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After Being Denied Twice, Judge Grants Tamara Lich Bail, Says Previous Judge Made ‘Errors in Law’

Published: March 8, 2022
Tamara Lich, 49, was granted bail after being denied twice by an Ontario court . Lich was being detained on charges of counseling to commit mischief, a charge that could result in Lich spending years behind bars. (Image: Screenshot via Twitter)

On March 7, Tamara Lich, 49, one of the key organizers of the Freedom Convoy protests that rocked Canada’s capital of Ottawa for much of the month of February was granted bail after a judge decided that the previous judge’s ruling to deny Lich bail was wrought with “errors in law.” 

Lich had been in custody since Feb. 17.

Court Justice John Johnston ordered Lich’s release after finding that the original judge, Ontario Court Justice Julie Bourgeois, “erred in law” during her decision to deny Lich bail saying that her analysis of the “gravity” of the offenses was incorrect and that the possibility of a lengthy prison sentence for Lich, upon a conviction, was unlikely. 

Assistant Crown Attorney Moiz Karimjee had often stated throughout the related proceedings that the Crown was seeking consecutive maximum sentences upon conviction for mischief and counseling to commit mischief, charges that in the worst circumstances could garner someone life in prison.  

“I find that it’s not likely that this accused would face a potential lengthy imprisonment,” Johnston ruled Monday. “It’s highly unlikely that this 49-year-old accused, with no prior criminal record, who has a job, would face a penitentiary sentence. It’s unlikely that would happen.”

According to Johnston’s ruling, Bourgeois “did not engage” in a proper analysis and that contributed to the error in law.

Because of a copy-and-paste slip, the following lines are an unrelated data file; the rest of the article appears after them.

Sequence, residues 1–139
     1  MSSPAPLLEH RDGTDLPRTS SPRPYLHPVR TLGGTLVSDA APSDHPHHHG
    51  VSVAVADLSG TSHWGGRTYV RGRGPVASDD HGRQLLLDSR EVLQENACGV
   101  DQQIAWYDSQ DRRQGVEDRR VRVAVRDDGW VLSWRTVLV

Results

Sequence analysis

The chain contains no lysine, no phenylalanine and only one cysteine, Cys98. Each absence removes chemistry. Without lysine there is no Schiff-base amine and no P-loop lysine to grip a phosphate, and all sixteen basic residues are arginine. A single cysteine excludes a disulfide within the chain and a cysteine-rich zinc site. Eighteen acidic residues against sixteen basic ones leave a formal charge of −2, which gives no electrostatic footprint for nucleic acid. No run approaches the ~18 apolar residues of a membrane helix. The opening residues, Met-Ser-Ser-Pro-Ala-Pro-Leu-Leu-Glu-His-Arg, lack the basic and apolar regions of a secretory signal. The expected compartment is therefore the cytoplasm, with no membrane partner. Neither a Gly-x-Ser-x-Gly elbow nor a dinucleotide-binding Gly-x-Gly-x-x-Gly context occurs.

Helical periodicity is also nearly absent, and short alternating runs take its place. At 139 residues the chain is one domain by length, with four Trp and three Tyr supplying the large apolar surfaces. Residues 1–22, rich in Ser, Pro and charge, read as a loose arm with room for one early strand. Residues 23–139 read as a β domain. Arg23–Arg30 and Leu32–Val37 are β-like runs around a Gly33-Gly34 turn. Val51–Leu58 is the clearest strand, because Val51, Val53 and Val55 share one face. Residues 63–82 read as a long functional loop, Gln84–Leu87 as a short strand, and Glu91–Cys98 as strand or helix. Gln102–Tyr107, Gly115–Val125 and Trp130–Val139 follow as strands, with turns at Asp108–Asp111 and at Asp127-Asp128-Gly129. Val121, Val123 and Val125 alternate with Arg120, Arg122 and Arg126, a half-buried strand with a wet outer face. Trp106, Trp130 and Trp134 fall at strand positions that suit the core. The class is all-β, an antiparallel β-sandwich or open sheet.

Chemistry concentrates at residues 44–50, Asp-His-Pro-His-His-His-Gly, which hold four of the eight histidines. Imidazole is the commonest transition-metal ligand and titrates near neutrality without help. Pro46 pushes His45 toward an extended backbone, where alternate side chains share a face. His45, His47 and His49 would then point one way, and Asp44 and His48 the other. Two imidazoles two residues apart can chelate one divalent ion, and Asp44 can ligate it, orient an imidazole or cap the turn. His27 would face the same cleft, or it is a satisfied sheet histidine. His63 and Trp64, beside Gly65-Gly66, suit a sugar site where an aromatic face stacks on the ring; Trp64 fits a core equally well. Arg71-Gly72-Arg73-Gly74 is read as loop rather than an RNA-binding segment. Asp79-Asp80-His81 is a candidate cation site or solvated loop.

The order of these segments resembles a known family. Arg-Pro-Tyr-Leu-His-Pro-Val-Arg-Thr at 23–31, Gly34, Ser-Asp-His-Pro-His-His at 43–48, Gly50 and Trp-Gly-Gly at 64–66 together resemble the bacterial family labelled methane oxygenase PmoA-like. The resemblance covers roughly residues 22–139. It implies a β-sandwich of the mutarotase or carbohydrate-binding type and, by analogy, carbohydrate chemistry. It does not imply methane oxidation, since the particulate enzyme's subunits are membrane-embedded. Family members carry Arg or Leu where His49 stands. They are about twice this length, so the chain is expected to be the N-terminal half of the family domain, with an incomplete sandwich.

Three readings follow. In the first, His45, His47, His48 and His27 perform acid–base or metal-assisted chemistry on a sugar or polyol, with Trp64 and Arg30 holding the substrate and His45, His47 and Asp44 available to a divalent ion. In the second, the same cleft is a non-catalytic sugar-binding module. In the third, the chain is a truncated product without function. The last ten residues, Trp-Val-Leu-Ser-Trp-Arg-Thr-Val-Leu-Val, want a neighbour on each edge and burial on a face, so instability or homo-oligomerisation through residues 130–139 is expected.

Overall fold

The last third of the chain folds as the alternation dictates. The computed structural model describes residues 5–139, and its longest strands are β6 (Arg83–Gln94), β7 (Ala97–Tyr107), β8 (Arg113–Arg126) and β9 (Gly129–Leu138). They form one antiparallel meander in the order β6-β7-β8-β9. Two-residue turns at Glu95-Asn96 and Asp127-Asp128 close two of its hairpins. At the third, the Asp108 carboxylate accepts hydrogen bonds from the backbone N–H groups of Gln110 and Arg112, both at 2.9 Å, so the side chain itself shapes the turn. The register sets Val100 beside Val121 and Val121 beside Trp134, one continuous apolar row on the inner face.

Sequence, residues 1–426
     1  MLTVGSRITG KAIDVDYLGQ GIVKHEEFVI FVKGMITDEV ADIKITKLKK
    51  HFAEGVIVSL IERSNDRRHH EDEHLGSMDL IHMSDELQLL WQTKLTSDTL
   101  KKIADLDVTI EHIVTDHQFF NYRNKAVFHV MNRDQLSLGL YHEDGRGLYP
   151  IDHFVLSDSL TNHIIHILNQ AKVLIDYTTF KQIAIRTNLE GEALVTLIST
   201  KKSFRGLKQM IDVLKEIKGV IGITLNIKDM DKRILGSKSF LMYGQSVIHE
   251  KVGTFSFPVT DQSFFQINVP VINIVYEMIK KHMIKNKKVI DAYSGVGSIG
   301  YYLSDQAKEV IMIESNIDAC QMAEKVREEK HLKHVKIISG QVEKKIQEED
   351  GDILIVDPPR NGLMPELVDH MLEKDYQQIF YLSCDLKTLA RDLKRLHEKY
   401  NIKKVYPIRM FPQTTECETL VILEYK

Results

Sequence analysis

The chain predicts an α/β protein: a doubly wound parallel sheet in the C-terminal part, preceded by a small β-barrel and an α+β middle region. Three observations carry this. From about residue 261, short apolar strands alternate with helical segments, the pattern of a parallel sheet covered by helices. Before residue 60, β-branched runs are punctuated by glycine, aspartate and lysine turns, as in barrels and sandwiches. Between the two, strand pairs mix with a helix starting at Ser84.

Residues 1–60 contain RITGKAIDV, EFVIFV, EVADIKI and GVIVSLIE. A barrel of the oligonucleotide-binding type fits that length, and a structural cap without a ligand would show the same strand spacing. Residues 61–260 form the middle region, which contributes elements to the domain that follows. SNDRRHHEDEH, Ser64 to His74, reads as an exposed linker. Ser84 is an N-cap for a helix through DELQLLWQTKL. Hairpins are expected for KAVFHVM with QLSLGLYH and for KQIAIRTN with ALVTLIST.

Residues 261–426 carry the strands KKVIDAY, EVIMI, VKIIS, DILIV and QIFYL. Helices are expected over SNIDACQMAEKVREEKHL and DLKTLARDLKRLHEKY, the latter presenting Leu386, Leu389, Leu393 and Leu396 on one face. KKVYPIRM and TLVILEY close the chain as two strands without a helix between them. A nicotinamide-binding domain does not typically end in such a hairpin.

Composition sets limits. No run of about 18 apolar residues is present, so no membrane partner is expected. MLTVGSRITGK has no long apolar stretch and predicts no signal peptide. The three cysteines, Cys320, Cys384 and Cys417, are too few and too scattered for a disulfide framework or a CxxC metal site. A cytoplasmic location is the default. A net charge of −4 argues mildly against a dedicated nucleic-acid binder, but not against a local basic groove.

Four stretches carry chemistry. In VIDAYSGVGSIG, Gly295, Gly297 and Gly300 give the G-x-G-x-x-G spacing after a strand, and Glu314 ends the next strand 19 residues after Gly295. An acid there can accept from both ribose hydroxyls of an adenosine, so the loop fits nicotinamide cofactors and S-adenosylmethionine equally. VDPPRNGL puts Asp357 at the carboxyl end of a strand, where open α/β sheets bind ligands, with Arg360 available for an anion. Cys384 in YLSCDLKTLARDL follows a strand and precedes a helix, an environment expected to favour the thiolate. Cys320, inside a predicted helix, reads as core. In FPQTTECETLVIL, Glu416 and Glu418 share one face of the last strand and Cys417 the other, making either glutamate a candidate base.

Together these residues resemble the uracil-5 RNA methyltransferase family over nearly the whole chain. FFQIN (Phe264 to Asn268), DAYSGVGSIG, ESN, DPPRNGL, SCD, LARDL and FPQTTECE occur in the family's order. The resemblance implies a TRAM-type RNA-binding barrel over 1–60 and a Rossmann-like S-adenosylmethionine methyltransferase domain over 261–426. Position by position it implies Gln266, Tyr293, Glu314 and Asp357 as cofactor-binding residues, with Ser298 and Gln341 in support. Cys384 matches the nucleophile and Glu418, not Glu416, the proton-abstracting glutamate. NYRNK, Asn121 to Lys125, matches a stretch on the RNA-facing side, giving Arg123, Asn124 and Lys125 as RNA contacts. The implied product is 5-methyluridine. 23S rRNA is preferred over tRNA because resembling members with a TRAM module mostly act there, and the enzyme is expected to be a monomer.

However, Johnston found that “Ms. Lich does require a level of supervision if released,” saying that the risk can be “managed” by a new court-appointed surety.

A list of conditions

After being denied bail on two occasions, Lich is now on her way home to Medicine Hat Alberta however, Lich’s freedom comes with a list of conditions. 

Lich was required to leave the city of Ottawa within 24 hours following her release and was required to be out of the province of Ontario within 72 hours. Lich was ordered to contact the Ottawa Police Service (OPS) on a daily basis to give updates on her progress home.

The courts rejected an original offer of a $10,000 surety for Lich’s release. Subsequently, Lich was required to submit two bonds, one valued at $20,000 and a second valued at $5000 to secure her freedom.

“Once back in Alberta, Lich must reside at her home address and cannot live anywhere else, except with her court-approved surety. Lich will be forbidden from posting messages, images or even logging onto social media, and cannot allow anyone to post on her behalf,” the Ottawa Citizen reported. 

In addition, Lich has been barred from contacting a list of alleged organizers who have not been charged with any offence related to the protests, including Daniel Bulford, Benjamin Dichter, Owen Swiderski, Tom Marazzo and Karrie Komix. 

Allegations of judicial bias

Lich’s lawyer, Diane Magas, had filed a court challenge of the earlier decision by Court Justice Julie Bourgeois to deny Lich bail, arguing the judge was biassed. Bourgeois originally denied Lich bail on the grounds that Lich presented a “substantial risk to reoffend.”

Justice Bourgeois was a Liberal candidate in the 2011 Canadian federal election which prompted Lich’s lawyer to file an affidavit on Lich’s behalf that said “had she known Bourgeois was a Liberal candidate in the 2011 federal election, she would have asked the justice to recuse herself from the case,” the Toronto Sun reported. 

“Had I had that information beforehand, I would have felt uncomfortable with the situation,” Lich told the court at the time.

Lich’s lawyer, Diane Magas, argued that Bourgeois repeatedly referred to the impact of the protest on “our community” in her decision to deny Lich bail saying “If a justice feels impacted in our community, in her community, in my submission she should not sit. There should be an out of town judge.”